Apart from testing of each API, the sequence of APIs to be called also a challenge and may end up with inadequate coverage. For example consider the sample shopping cart APIs as below:

  • create_user
  • update_user
  • update_shipping_address
  • update_order
  • add_item_to_bag
  • update_bag_items
  • delete_bag_item
  • merge_bag_items
  • check_out

Apart from testing of each API, there can various sequences of flow can be made out of it. The output of an API can be used as an input of another API. All the sequence flow should be covered to deliver bug free application.

Request data combination:
Each parameter might be designed to carry a specific value and it should be validated. It can be a number range, max length restrictions, acceptance of specific string / value. These kinds of parameters might get less attention while test case preparation and ends with lack of coverage. It will become problematic from end user perspective.

Overcoming the Challenges:
Whenever there is a change in the request/response of the API, the related test cases should be revisited for modification/including more coverage. The change might in addition/removal of few parameters, request body change, response body change.
For example, let us take the MULITPLY API got an optional parameter int C:
You can find the below table the parameter combination has been increased as there is a new parameter got introduced in the API.

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In above example we increased the coverage for 1 additional parameter. What if there are 50 parameters getting added to the API? We should come up with test coverage that includes parameters with all the permutation of combinations so that it will help us to discover all the failures. We can use any tool such as “All Pairs” to derive all the combinations.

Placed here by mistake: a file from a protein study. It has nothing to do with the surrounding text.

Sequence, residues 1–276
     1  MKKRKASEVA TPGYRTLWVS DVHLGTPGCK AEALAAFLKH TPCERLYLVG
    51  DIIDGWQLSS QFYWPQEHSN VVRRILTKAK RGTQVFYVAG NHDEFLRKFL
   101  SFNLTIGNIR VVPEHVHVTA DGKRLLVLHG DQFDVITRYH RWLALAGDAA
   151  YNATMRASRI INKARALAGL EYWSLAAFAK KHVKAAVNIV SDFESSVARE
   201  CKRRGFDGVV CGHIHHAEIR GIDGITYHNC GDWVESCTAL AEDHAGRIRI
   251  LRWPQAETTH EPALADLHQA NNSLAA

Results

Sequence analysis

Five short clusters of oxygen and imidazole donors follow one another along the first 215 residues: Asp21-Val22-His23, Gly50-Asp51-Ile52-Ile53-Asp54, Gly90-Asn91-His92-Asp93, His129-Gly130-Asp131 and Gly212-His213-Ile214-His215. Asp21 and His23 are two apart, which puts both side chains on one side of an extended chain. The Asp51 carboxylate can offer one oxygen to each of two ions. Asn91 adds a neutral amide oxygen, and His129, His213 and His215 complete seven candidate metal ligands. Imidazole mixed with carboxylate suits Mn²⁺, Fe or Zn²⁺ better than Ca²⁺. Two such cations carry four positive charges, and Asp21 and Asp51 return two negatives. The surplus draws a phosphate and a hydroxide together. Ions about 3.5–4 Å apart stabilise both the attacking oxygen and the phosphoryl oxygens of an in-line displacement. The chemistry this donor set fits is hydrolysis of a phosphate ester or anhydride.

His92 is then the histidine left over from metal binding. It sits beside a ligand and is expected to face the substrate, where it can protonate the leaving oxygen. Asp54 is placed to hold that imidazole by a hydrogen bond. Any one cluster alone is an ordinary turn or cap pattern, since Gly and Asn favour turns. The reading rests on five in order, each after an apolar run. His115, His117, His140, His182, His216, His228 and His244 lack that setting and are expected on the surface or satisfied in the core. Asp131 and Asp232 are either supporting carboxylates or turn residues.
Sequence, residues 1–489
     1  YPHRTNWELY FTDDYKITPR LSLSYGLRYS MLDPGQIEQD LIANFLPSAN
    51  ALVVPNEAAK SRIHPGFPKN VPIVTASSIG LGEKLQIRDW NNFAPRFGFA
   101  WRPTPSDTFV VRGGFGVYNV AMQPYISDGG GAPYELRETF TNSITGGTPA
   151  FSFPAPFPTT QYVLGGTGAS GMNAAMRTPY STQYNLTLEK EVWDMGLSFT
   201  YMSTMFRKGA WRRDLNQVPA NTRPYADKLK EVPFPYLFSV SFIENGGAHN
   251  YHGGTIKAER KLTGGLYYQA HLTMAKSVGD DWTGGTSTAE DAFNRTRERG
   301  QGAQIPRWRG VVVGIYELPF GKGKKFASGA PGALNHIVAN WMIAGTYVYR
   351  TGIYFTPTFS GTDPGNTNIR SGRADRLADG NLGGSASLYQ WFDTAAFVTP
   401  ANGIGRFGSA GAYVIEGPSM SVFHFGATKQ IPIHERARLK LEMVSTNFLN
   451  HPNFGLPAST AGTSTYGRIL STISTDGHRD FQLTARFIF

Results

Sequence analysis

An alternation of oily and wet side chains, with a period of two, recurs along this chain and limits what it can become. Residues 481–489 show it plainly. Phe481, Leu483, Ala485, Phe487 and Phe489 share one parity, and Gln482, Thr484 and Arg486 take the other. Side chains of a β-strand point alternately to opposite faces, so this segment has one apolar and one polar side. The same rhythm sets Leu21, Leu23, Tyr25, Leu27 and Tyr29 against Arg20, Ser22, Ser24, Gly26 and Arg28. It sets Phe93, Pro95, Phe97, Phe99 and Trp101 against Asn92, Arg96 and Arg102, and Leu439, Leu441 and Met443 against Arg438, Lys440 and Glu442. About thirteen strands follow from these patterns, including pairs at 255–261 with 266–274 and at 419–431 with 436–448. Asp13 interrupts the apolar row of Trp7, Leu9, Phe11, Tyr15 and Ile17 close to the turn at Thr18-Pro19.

The input parameters should be tested with the valid and invalid values using strategies like the boundary value analysis and equivalence partitioning. Shuffle the parameters with all possible combinations to find the failures.

Grasp the purpose of the APIs, the business need in which they are to be used. How the wrapper UI going to pull the data from the APIs? How it will be real time scenarios? Keep all such things in mind. Once all this parameter selections and combinations are designed, different call sequences need to be explored.

  • 1.fromStation*
  • 2.toStation*
  • 3.classType*
  • 4.trainType (default type express)
  • 5.quotaCode (default quota General)
  • 6.seniorCitizen (default as No)
  • 7.gender (default as Male)

* are the mandatory parameters.

The fare is going to be calculated differently on each parameter combination you choose. Hence it is important to cover all the possible combinations.

[table id=5 /]

Refer the above table. We added the test cases for verification of missing mandatory parameter (TC-2,3,4) and still we can add more few combos.
The test cases for various optional parameter combinations are added in TC-4,5,6. By this way we can track the coverage for all the combinations of the parameters. We can design separate table for the parameters for which boundary values need to be analysed.

The test coverage is really important as APIs play vital roles in business modules and is exposed to third parties as well. An API which fails to meet the expected functionality, reliability, performance can end up with issues which can cause major business impact.